'We underestimate the audience'

'We underestimate the audience'

Star power

'We underestimate the audience'

It wouldn’t be completely absurd if one were to say that Indians worship cinema. The few that make it to the spotlight are given a great degree of (uncalled for) respect and power. Actor Radhika Apte, however, says that this power that comes with stardom is “appalling”. “It’s appalling because people think that they can do anything with this celebrity power. I get agitated by this. I don’t think we have the right to arrive late for events, be served better food at shoots and other such things.”

But she does understand the reach and potential the visual medium has, and adds, “Look at the craze for stars and stardom in our country! People worship cinema here and it has a big reach.”

The ‘Badlapur’ actor was in the City recently for the promotion of her upcoming film, ‘Manjhi — The Mountain Man’, which also stars Nawazuddin Siddiqui. “Ketan Mehta (the director) understands this well and says ‘what else can I do but tell this story through films’.”

Although the number of content-driven films is less than it should be, she says that the industry is doing better. “Look at the films this year; there have been many content-driven films that have achieved commercial success. We underestimate the audience to certain extent.”

It doesn’t take much to get her talking about the film, which is set to release later this month.

“I am a big fan of Ketan’s work so when I got the offer, I said yes without reading the script. When I did hear the story, I thought it was one of the most inspiring tales. If someone narrated the story as fiction, I wouldn’t have bought it, calling it too far-fetched. But because it’s a true story, I was inspired by it.” Nawazuddin was just the bonus, of course!

The film tells the true story of Dashrath Manjhi, a resident of Gehlaur, a village in Bihar, who spent 22 years of his life carving a path through a mountain that barricaded the village from the rest of the state. His love for his wife, who fell to her death from the mountain while bringing back water, drove him to break down the hardened rocks.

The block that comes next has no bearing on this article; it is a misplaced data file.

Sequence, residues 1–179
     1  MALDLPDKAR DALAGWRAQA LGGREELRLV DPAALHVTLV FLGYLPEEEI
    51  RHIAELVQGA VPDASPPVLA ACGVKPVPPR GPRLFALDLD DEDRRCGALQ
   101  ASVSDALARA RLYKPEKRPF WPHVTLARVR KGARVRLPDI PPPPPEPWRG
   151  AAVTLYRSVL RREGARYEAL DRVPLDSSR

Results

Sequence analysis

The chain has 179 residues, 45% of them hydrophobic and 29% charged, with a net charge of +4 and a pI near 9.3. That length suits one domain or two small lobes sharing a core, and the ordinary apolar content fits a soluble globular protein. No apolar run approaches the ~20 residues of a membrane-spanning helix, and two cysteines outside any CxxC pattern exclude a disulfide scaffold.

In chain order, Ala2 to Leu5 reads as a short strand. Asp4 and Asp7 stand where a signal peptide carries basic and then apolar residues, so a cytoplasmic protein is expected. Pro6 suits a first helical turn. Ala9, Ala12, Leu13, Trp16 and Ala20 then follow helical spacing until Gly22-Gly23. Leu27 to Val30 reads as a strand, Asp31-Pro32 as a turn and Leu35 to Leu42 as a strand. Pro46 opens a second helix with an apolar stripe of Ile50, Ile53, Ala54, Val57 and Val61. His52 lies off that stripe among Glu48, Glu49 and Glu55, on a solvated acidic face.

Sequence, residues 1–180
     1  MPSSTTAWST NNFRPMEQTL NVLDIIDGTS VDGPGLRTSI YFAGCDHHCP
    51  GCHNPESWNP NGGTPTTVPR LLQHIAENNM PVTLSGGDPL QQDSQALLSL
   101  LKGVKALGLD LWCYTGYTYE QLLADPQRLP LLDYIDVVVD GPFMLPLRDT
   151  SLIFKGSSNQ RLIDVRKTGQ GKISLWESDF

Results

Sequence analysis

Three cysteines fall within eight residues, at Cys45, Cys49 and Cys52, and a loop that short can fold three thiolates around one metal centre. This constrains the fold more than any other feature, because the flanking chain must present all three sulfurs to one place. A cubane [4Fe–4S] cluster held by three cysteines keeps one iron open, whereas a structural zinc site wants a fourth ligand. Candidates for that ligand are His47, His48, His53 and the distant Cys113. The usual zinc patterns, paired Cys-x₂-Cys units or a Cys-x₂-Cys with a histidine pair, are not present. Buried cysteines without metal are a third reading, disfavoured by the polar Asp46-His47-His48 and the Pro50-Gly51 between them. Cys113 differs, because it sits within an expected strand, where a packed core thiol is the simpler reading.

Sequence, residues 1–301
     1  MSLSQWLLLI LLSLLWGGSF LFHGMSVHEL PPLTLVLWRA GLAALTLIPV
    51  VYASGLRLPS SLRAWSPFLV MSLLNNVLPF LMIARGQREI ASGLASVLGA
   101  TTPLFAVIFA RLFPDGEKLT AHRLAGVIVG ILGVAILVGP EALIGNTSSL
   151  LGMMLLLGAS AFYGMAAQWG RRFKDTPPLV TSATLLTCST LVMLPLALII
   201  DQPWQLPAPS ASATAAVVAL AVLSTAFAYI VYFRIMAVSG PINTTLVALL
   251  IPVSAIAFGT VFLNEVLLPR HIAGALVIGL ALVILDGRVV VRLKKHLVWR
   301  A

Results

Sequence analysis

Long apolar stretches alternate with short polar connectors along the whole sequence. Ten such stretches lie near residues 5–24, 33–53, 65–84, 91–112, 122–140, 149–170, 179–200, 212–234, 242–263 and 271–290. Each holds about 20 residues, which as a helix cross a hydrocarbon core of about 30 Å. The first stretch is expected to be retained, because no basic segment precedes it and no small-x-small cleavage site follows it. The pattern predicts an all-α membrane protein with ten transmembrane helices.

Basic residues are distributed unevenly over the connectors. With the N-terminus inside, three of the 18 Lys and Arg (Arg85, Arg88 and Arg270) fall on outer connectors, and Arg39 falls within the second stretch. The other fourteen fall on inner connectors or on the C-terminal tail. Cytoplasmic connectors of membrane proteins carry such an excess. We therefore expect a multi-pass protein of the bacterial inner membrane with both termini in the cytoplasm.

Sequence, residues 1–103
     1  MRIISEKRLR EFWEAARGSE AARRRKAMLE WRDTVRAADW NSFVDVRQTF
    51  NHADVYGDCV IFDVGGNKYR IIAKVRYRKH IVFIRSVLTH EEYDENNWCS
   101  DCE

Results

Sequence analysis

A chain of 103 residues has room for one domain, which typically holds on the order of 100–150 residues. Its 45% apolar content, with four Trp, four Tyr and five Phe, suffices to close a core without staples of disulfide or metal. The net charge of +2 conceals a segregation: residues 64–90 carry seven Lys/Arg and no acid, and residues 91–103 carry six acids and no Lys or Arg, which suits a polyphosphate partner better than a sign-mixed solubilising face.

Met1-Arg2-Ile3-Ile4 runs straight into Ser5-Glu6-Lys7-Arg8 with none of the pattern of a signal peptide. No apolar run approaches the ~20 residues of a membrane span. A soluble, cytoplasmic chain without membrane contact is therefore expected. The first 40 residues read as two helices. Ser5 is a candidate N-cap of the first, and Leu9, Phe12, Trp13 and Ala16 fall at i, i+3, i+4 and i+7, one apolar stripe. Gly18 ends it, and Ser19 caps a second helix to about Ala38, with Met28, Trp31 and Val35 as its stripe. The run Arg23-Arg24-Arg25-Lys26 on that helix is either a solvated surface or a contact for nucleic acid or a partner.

Calling it much more than a love story, Radhika says, “It is also an inspiring tale of how an ordinary person can do something extraordinary; how humans have the capacity to do something extraordinary and make the impossible, possible. In addition, it shows how, in our country, even the basic necessities are not provided. There is so much injustice and when a person decides to fight this, he gets recognition only posthumously. It’s sad and inspiring at the same time.”

Talking about the challenges she faced while filming, she elaborates, “Firstly, I had to make the love story work; unless the audience feels it, they can’t understand his passion for her loss. Secondly, my Hindi, being from Pune, has a Marathi accent to it. So, I had to spend a few months getting rid of it, which was a task. Dubbing was a different experience.”
The shoot itself was a challenge as they worked on rough terrain. “The place was difficult to shoot in. It’s a Naxal area so it is absolutely under-developed; there’s no electricity and it took us an hour and a half to get to the location everyday. We had to wake up at 3 am every morning and start shooting by 6 am. It was hectic and we hardly slept four to five hours a day.”

Comparing Manjhi’s work to the Taj Mahal, she says, “While the Taj Mahal also took the same time to build, it used 20,000 workers and was done for Shah Jahan’s prestige. Manjhi’s work was for the benefit of the villagers, who otherwise had to travel 70 kilometres to access food or water.”

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